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Nippon Kasei To Boost Output Of Aqueous Urea for Diesel Emissions Control

Nikkei. Nippon Kasei Chemical Co., a subsidiary of Mitsubishi Chemical Corp., will increase production of high-grade aqueous urea solution used in SCR (selective catalytic reduction) systems to reduce NOx emissions from diesel engines.

Nippon Kasei Chemical plans to raise the annual production of the substance at its plant in Kitakyushu to 10,000kl, five times the current 2,000kl output.

The Kitakyushu plant is currently operating at about 20% capacity. With investments of around ¥100 million (US$845,000), the company will add storage tanks, filling equipment and the like. In 2007, the company plans to operate the plant at just over 50% capacity, reaching full capacity in 2009.

Nippon Kasei has just over a 40% share of the domestic market for the product. The company has been marketing the substance under the AdBlue name since December 2004.

In Europe, 80% of diesel trucks use urea-SCR systems. In Japan, Nissan Diesel Motor Co. installs such systems in its vehicles. Mitsubishi Fuso Truck and Bus Corp. plans to begin sales in the spring of 2007 of new vehicles that employ the systems.

Japan’s demand for high-grade aqueous urea solution is currently about 20,000kl a year, but industry sources expect that to rise to 600,000kl in the future.



I wonder how much energy goes in to the manufacture and deployment of this stuff? I certainly think we need to do what we can to clean up emissions, especially diesel, but this also adds to the energy use of a vehicle over time, like the energy it takes to build and recycle a hybrid battery, one more variable to consider when making a decision.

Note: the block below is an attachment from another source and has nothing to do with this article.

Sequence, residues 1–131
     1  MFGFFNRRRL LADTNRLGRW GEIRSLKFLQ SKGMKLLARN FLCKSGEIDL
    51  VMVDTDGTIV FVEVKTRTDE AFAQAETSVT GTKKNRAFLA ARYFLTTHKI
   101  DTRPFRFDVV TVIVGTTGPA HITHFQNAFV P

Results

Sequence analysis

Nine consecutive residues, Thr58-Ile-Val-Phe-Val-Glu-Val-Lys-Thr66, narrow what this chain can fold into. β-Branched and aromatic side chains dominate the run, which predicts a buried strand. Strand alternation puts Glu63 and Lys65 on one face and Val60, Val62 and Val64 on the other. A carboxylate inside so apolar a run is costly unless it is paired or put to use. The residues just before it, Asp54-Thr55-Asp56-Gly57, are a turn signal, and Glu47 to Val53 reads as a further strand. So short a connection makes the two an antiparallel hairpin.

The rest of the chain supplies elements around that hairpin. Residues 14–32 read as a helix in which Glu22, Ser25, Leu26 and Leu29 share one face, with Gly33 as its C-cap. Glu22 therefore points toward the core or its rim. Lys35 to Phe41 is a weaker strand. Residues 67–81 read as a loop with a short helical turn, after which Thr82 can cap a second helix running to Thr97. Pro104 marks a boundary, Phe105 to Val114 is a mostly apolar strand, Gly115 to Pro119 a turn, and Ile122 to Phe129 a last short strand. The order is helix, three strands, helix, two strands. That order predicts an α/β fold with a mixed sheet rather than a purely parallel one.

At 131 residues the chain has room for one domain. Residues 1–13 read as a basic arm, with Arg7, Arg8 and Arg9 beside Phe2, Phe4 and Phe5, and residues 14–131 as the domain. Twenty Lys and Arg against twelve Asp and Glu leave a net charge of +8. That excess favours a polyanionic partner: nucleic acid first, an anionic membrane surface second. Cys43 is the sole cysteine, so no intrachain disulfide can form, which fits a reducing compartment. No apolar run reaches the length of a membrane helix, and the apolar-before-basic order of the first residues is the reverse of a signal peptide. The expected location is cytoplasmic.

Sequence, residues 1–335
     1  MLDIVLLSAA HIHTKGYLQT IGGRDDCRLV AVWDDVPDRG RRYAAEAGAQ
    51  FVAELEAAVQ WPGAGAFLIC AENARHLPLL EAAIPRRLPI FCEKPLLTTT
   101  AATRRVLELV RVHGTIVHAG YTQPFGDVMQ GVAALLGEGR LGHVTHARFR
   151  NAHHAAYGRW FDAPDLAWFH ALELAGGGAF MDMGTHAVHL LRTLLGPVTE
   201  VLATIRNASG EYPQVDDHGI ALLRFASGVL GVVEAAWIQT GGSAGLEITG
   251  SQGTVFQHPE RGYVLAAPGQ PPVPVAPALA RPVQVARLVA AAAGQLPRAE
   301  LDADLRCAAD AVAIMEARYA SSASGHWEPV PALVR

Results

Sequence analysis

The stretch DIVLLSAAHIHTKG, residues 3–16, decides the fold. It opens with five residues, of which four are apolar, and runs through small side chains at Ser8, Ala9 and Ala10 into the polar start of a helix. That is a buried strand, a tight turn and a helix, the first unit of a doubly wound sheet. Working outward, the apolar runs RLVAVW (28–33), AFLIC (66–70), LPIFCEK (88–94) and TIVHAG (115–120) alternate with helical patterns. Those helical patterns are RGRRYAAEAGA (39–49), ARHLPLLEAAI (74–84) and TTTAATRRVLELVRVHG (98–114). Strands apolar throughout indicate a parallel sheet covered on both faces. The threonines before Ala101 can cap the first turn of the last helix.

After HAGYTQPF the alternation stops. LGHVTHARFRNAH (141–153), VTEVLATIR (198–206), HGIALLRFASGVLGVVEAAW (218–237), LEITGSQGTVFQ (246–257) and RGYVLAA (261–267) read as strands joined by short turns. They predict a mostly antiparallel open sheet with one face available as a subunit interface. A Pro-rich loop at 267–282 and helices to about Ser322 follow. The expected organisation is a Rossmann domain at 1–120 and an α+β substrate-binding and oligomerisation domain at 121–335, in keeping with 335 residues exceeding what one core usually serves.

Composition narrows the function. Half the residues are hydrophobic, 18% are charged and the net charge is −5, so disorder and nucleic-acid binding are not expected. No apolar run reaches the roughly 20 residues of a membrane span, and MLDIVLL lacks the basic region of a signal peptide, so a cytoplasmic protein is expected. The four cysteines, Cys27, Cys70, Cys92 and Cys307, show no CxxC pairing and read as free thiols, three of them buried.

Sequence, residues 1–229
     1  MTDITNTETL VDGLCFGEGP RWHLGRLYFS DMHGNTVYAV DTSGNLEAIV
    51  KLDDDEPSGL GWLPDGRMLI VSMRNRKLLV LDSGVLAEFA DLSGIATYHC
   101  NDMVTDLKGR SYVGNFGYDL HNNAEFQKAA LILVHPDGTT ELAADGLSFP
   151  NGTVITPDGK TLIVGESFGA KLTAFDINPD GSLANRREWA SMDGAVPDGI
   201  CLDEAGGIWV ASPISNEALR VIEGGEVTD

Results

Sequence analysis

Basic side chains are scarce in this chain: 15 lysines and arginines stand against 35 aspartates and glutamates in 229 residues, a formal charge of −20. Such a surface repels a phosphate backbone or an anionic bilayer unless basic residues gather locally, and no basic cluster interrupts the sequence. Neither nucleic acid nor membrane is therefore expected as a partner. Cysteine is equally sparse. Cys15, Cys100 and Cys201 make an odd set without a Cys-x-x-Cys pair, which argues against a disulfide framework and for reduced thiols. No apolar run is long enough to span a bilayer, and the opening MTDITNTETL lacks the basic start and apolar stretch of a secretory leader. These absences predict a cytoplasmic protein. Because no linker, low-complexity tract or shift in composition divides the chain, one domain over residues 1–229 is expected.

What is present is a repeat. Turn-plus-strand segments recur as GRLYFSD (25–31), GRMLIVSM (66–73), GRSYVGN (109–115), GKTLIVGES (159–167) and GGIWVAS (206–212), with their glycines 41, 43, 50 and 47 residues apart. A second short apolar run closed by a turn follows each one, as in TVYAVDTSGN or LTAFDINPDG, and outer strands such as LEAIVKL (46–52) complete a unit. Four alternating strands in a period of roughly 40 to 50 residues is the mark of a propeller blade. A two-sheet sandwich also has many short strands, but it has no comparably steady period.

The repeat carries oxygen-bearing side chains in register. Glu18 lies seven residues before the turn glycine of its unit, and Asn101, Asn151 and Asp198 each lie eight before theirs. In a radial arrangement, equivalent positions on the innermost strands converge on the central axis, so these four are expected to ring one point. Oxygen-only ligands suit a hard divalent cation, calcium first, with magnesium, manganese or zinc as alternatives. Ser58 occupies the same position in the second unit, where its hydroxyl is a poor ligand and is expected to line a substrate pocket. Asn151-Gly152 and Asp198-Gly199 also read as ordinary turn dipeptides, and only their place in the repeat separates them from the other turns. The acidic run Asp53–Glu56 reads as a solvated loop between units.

Rafael Seidl

Global synthetic urea production is about 100 million metric tons a year, with about 90% destined for use as fertilizer. The purity required for SCR systems - already in widespread use in caloric power plants - is higher, but the additional energy use that implies is peanuts compared to initial production. In diesel vehicles with SCR systems, the 35% aqueous urea solution is consumed at a rate of roughly 4% of diesel use. In gravimetric terms, you need roughly 10g of urea powder for every kg of diesel.

The energy overheads of battery production and recycling are a separate matter that relates to hybrids. As a rule of thumb, though, fuel accounts 60-80% of the energy use associated with a vehicle during its entire life cycle. Since both diesels and hybrids are a lot more fuel-efficient than gasoline ICE-only concepts, they both massively improve lifetime CO2 emissions.

Robert Schwartz

In a separate press release, Anheuser-Busch and Miller Brewing announced that they had entered into agreements with beer drinkers across America to increase their output of bio-urea.


There is another process that uses a bit of engine fuel added to the emissions before the emission control devices to help convert the PM, CO, VOC and NOX, to H2O and CO2. It is either Urea, fuel (diesel), some new catalyst, or a H2 supplement for better engine combsution.

D Berry

Okay, fine, the Urea reduces the emission in question. What are the other gasses that result? This is the same kind of problem we have with gasoline emissions. We started putting MTBE in gasoline in the 70's to cut emissions. We weren't told that this additive creates formaldehyde and other complex gases until 1995 (EPA Documentation). According to the documentation the only people who will have repiratory problems are those that pump gas. The amount of MTBE was more than doubled in 2005. Meanwhile the Allergy & Asthma Association has noticed asthma on a increadible rise since the 70's. Could we have the whole story this time?

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